In June 1979 President Jimmy Carter made a huge investment by installing 32 solar panels on the White House roof. At the time, the price of photovoltaic cells hovered close to $40/watt. Seven years later Regan took the panels off again, and when President Obama put the White House back on the solar track just a few months ago, the price of solar PV cells had dropped to $0.74/watt. The difference amounts to an overall trend that has not only brought solar to grid parity in some parts of the country, but slashed the price of solar PV cells by 99 percent since 1977.

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Climate Progress shows this extraordinary graph from Bloomberg New Energy Finance that depicts the declining costs of solar PV over the years. The price drop is most notable in the first 12 years as the technology took off, but it then stagnated between 2005 and 2009 as global market supply struggled to keep up with demand, according to NREL (pdf).

Since 2009, however, solar PV prices have continued to drop steadily to such an extent that companies are able to make a strong case for the switch to photovoltaics on a purely economic basis. As Xcel Energy Inc., proposed the addition of 170 megawatts of utility-scale solar in Colorado this year, their CEO David Eves explained to the Denver Business Journal that “This is the first time that we’ve seen, purely on a price basis, that the solar projects made the cut — without considering carbon costs or the need to comply with a renewable energy standard.”

As solar becomes the more attractive option, we’re seeing a clear uptick in its adoption. For the first time ever new solar capacity will top new wind capacity in 2013. Furthermore, a report from Navigant Research predicts that the price will continue to decline, causing the global solar PV market to exceed $134 billion by 2020, up a phenomenal 50 percent from this year. This means a potential 438 gigawatts of solar capacity will be added in the next seven years. Keep in mind, this year we are expected to see a record-breaking 36.7 gigawatts of solar PV capacity added.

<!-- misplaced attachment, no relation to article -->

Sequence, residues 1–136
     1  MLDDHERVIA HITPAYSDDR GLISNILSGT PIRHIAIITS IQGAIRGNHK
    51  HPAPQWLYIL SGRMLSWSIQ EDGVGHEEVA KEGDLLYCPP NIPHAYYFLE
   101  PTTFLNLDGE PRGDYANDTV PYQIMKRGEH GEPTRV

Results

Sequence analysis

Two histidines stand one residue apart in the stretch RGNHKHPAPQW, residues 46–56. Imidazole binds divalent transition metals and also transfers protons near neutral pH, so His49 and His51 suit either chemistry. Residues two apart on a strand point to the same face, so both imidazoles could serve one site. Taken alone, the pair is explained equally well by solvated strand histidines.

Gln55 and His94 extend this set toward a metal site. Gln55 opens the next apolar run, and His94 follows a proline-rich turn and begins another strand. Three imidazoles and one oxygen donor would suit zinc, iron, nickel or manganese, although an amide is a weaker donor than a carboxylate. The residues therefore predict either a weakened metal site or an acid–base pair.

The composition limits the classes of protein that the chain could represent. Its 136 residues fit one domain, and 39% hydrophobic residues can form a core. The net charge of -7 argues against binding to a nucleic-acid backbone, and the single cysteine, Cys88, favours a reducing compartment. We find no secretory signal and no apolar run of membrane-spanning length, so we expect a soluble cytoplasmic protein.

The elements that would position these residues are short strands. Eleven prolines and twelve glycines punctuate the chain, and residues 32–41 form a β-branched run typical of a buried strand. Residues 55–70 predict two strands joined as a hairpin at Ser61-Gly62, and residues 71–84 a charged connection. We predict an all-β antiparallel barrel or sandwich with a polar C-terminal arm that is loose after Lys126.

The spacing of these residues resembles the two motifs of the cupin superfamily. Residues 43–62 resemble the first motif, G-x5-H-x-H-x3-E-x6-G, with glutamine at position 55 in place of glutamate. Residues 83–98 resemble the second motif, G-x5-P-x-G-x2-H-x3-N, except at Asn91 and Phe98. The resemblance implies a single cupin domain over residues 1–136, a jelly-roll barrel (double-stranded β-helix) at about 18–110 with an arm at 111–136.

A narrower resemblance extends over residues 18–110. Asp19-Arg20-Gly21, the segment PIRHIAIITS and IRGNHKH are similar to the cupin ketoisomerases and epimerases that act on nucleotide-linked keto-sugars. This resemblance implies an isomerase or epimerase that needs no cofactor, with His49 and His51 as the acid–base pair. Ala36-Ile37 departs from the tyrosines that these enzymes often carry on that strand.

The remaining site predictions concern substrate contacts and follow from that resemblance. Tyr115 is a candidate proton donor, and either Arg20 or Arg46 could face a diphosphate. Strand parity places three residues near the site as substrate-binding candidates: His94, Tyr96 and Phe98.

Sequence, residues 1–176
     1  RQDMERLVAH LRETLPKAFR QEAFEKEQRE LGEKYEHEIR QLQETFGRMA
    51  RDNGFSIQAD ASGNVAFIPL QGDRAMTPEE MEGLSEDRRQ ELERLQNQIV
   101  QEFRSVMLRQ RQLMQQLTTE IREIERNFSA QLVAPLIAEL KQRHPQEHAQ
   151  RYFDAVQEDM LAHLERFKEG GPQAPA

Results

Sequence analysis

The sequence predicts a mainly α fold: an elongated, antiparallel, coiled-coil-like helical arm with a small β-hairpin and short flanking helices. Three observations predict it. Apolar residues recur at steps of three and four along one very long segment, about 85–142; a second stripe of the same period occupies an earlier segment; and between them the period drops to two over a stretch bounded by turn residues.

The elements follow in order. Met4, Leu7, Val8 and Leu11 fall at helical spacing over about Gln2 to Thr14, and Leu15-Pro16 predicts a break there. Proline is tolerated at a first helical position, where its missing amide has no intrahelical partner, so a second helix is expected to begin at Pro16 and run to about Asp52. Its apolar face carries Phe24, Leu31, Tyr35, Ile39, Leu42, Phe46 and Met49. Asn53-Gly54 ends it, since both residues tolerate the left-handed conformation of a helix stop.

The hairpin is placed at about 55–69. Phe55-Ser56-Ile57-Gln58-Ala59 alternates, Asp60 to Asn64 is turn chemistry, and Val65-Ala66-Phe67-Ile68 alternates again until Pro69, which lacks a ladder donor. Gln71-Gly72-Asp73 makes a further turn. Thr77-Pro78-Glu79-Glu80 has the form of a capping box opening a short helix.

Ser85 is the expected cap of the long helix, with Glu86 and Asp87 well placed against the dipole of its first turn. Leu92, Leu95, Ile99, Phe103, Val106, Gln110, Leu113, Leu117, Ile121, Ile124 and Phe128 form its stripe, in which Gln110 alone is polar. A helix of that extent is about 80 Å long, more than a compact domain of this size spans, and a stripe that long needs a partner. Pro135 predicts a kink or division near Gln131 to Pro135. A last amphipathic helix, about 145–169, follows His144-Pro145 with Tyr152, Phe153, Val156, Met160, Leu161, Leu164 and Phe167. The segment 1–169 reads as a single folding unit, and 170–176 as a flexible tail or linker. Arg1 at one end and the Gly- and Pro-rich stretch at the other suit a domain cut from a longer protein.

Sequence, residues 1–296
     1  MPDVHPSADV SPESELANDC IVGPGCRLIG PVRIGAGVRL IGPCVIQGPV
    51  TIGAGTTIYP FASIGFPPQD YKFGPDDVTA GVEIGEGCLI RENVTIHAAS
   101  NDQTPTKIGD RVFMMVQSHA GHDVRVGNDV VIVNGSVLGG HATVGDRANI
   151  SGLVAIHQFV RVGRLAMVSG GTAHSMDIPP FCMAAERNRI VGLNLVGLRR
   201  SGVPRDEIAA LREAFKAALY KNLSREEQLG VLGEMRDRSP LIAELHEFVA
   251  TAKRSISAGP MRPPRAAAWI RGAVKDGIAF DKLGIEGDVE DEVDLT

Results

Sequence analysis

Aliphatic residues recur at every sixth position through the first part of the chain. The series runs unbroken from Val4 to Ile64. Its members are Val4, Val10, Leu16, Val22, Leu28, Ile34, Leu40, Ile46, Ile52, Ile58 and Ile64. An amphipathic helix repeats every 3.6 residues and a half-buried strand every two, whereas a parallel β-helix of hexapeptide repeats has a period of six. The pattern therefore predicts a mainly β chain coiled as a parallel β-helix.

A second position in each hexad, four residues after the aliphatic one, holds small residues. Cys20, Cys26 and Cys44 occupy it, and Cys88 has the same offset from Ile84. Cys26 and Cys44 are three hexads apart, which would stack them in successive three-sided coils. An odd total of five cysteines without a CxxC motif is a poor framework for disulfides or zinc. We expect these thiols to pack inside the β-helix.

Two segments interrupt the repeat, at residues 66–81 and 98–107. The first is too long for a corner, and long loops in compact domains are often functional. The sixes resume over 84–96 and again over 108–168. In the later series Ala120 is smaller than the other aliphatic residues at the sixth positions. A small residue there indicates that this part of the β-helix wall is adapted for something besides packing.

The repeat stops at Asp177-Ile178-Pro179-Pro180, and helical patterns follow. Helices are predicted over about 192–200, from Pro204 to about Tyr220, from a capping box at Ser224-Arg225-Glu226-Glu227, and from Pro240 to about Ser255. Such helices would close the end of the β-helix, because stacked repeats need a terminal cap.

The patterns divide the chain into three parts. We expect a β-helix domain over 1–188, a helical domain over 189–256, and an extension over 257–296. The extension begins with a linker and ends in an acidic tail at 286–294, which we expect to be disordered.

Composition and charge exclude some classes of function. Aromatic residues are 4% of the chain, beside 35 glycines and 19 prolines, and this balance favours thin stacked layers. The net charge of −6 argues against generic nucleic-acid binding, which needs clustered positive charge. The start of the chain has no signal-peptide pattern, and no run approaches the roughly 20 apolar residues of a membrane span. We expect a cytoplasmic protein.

It’s not just advances in technology and the subsequent decline in the cost of cells that is making solar PV more attractive. Scaling Green notes that Bloomberg New Energy Finance reported “a changing electricity industry context with regard to energy security and climate change concerns, increasing costs for some generation alternatives and a growing appreciation of the appropriate comparative metrics, PV’s competitiveness is changing rapidly.” However, BNEF points out that not all industry analysts are on pace with solar’s move into parity; instead, many people, including “commentators, policy makers, energy users and even utilities” labor under the misconception “that PV is prohibitively expensive, and still has not reached ‘competitiveness’.”

The news is still good. Bloombergreports that “[b]y 2017, the year after some U.S. tax incentives are cut, solar power will achieve grid parity “in most major markets.” If you want to see which markets are predicted to reach parity first, check out this fantastic interactive map from the Institute for Self-Reliance.

Via Think Progress